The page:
Baseball Crank
Covering the Front and Back Pages of the Newspaper
August 22, 2007
FOOTBALL/LAW: Vick

My kids hate Michael Vick. Not, mind you, because of anything he did on or off the field, but simply because on vacation, every time they turned on ESPN to get baseball news, they instead got The Passion of the Vick, repeated endlessly. (Two summers ago it was the same with Terrell Owens).

Vick's deal is no cakewalk - a likely 12-18-month sentence plus possible state charges carrying stiffer fines. In fact, I don't know if I would have let him plead to the federal charges given the state exposure. Although I can't say I see what point there is to the state getting involved once he has plead to a federal felony; is Virginia really that short on crimes to prosecute?

Apparently, Vick is cooperating with an ongoing investigation of other dogfighting rings, so analysts like Roger Cossack were wrong in assuming that he had nothing more to offer once his co-defendants pleaded out. But even if he was the last man standing, Vick had two key chips to play. First, if the investigation really had ended with him, there's the benefit to the prosecutors of being able to close a case and close it successfully - move on to other things, wrap up without a defeat or a messy, labor-intensive trial.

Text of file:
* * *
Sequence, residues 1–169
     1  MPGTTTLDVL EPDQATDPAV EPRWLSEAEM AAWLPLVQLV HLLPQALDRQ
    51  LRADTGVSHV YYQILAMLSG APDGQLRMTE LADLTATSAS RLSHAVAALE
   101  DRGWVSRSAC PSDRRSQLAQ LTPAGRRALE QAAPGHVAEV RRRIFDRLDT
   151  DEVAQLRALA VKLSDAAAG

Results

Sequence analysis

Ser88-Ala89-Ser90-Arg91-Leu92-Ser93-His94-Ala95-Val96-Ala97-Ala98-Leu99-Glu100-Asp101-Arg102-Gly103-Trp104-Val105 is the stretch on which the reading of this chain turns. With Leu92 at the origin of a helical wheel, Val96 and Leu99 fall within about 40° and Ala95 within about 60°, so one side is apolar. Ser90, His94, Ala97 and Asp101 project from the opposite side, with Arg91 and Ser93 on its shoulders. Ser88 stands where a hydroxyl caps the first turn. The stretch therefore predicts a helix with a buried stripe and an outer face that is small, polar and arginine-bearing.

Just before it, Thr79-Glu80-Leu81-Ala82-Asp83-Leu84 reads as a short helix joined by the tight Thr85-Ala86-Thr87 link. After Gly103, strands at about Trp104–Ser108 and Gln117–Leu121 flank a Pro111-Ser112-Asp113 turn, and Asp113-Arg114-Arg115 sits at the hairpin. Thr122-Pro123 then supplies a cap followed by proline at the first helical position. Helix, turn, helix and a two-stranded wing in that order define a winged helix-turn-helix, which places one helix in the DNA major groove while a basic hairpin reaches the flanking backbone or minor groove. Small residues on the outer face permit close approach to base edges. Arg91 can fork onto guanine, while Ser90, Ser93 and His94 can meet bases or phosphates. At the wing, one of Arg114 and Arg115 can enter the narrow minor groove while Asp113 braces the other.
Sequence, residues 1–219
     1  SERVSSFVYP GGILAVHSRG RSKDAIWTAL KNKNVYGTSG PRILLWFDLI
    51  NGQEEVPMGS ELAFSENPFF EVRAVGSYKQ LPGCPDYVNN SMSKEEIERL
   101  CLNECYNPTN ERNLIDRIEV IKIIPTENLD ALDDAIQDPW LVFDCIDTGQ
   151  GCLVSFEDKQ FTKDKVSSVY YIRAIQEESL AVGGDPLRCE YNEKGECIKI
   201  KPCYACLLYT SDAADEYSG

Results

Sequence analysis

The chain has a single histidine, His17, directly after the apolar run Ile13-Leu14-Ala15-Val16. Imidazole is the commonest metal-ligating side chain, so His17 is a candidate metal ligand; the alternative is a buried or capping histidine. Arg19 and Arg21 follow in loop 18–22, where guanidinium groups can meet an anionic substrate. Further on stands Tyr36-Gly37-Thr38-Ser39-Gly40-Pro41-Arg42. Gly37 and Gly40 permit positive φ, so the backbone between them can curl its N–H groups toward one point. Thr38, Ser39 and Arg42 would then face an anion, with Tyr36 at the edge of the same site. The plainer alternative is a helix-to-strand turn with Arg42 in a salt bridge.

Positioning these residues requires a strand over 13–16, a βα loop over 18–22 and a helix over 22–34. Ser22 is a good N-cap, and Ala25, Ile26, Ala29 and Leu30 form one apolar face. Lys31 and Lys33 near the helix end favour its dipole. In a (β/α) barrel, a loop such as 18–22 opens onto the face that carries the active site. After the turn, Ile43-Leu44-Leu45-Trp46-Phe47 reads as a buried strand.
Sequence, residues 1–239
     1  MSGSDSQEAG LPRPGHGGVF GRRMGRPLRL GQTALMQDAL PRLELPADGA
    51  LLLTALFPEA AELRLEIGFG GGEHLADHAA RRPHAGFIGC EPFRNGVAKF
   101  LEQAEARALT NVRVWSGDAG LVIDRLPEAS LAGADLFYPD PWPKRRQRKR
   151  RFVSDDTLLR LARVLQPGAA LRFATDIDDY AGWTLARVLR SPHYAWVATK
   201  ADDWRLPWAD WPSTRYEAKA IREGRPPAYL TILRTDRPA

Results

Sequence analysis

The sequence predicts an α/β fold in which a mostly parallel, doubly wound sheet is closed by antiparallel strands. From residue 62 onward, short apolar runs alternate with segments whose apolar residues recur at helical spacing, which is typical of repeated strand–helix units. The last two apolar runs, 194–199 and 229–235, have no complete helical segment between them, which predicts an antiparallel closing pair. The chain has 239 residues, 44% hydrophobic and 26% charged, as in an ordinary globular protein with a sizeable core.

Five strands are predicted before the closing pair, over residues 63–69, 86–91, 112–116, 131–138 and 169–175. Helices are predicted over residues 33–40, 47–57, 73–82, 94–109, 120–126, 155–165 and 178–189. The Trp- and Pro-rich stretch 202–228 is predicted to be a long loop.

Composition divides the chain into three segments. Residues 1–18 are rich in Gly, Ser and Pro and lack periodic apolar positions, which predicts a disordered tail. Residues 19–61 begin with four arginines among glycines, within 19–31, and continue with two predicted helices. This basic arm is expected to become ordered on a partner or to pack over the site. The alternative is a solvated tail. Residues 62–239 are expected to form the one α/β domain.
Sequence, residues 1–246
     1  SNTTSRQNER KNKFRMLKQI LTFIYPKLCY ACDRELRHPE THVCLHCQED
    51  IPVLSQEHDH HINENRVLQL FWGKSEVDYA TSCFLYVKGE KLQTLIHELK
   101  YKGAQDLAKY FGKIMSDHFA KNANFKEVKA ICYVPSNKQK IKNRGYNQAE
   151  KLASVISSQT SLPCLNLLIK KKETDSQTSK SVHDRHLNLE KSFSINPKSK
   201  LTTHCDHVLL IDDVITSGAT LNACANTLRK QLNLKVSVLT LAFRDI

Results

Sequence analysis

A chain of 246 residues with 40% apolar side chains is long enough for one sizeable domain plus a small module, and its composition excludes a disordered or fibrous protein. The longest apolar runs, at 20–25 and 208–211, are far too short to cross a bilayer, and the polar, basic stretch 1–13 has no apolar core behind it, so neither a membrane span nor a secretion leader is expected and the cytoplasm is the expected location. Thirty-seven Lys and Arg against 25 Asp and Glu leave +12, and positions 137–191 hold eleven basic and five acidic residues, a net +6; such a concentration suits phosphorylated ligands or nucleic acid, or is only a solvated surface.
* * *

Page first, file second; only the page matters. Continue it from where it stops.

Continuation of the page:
And second, Vick's plea legitimizes his prosecution - not a minor thing when a man has lined up the NAACP and similar groups to charge racism and witch-hunting in the bringing of the investigation. Having the man stand up and accept responsibility goes a long way in that regard.

Posted by Baseball Crank at 8:10 AM | Football • | Law 2006-08 | Comments (25) | TrackBack (0)
Comments

The key will be the reaction of the NFL. If they really want to send a message to the players and fans that the thug mentality will not be tolerated, this is their chance. A substantial suspension of a year on top of the jail time would be a good start.

Posted by: maddirishman at August 22, 2007 9:26 AM